Salvation and healing for our friend the man formerly known as the demoniac is free but is not easy. There are things he must do as well. He must go live amongst people who don’t want to see signs of change—being a constant reminder of what they wish to forget. He must declare what God has done for him.
Now, to my knowledge, nobody here is a formerly naked demon possessed person from the wrong side of Galilee.
But we, too, have met Jesus this week here at Massanetta. We, too, have been offered salvation and healing from Jesus. And we want the great experiences we have had here with Jesus to go on forever. But Jesus tells us to go back to our homes too. Because we have good news to share. We need to tell the world, by how we live our lives, that we know of a God who saves, who loves, who welcomes all. We need to share the stories of our storms with others so they will know they are not alone in their storms. We have work to do on our journey of discipleship.
What are some things in your life that might need to change as you step out of your boat and put your trust in Jesus Christ?
Is there someone at school who needs your friendship? Because if you are going to claim to be a follower of Jesus, then you need to be the person who stands up for people, who speaks for the voiceless and who works for justice for alls.
Are there things you could be doing, like prayer and bible study, that could help you build your relationship with God?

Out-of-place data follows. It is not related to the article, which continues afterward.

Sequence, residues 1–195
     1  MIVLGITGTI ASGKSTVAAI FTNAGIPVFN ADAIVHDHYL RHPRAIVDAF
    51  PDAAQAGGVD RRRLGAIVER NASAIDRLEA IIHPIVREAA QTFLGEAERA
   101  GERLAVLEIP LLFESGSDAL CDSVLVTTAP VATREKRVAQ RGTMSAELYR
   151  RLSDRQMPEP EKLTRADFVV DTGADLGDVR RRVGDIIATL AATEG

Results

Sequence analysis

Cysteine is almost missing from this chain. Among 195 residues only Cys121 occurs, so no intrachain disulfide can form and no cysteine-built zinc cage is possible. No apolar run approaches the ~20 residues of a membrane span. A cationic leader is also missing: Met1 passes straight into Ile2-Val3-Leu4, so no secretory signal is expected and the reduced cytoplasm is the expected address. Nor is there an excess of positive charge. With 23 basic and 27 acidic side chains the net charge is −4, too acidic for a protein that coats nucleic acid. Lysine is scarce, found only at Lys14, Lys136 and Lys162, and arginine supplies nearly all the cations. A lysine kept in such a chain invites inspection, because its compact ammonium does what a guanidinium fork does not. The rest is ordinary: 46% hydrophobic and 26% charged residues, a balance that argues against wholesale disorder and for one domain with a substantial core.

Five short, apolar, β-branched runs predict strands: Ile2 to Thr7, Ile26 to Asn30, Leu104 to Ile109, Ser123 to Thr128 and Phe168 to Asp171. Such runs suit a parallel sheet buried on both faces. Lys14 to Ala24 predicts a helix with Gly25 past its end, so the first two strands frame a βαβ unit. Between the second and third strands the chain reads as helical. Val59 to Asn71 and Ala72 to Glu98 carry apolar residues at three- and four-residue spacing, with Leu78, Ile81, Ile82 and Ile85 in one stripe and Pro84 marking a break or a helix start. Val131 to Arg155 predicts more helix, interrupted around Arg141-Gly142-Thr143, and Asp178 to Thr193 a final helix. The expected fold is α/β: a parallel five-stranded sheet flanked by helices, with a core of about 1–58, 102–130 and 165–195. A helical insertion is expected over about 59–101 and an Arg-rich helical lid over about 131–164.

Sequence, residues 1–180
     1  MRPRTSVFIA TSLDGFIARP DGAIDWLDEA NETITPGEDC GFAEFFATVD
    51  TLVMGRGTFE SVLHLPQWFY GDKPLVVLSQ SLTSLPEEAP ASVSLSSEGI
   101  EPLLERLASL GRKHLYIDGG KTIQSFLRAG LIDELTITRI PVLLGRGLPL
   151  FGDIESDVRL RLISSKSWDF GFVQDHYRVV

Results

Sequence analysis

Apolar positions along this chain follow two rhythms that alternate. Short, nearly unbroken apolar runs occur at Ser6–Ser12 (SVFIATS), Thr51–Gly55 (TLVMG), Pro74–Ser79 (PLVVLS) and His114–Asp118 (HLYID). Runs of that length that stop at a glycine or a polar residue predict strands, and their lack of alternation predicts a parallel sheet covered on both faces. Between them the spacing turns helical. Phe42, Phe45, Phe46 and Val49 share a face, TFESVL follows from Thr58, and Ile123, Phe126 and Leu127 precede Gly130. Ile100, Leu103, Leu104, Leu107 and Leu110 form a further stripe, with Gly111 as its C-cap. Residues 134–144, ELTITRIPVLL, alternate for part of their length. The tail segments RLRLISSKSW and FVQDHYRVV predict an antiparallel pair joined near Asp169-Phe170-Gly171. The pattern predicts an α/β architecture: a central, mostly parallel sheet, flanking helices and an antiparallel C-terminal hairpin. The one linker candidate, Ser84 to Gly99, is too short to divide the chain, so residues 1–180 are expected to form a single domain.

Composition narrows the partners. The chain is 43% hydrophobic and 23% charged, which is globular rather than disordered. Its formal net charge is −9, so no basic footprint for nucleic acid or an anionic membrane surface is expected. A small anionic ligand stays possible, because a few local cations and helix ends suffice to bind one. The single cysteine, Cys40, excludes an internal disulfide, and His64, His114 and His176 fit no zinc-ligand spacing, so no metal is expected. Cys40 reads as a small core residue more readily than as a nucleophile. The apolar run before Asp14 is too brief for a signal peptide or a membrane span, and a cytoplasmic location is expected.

Is there a gift you have to develop? Perhaps you can be brave and try something new, challenging and different, like taking up guitar, or learning to make pottery.
Who are the people who can help you through those changes? Are some of your friends the kind of people who bring out your best? I would suggest to you that most all of your friends should be those kind of people. Talk with your parents. Or are there people from your church or youth group who can be your support?
I keep thinking about the disciples, who are largely silent in this story. If it weren’t for the first sentence “then THEY arrived at the country of the Gerasenes”—you wouldn’t know they were with Jesus at all.
But they had just been saved too. Like the naked demoniac at the tombs, they were perishing in a storm at sea immediately before today’s story begins. Jesus saved them too.
I wonder if they saw similarities between their deliverance and the saving of the man by the tombs.
I wonder if, before they met the man on the shore, they thought, “sure is great to be one of Jesus’ friends. Glad we knew someone who liked us enough to save us!”
I wonder how that reaction would have changed when they realized he also saved a complete stranger, who happened to be naked, demon possessed, and living with dead bodies.
I wonder if this encounter encouraged them to see similarities with people when others saw difference. Maybe stepping out of the boat for them meant becoming people who welcome the people that everyone else chains up by the tombs.
I wonder if later on, when Jesus tells them to take the gospel to the ends of the earth, they thought of this man by the tombs and thought—“if Jesus gave healing and salvation to that guy, then we can take the good news every where and to every one.”
Whether you see yourself as one of the disciples or as the man formerly known as naked, tomb dwelling demoniac, know that the salvation and healing offered by Jesus is for you, it is for us, it is for all.
Thanks be to God.